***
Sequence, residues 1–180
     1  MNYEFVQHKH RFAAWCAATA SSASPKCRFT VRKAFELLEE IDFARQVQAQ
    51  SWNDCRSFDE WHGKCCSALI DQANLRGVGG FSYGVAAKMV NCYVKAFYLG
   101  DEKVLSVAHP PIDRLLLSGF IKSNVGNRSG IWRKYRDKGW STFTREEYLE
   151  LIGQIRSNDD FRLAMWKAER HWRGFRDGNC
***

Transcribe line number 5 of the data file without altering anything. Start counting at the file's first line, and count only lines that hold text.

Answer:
   151  LIGQIRSNDD FRLAMWKAER HWRGFRDGNC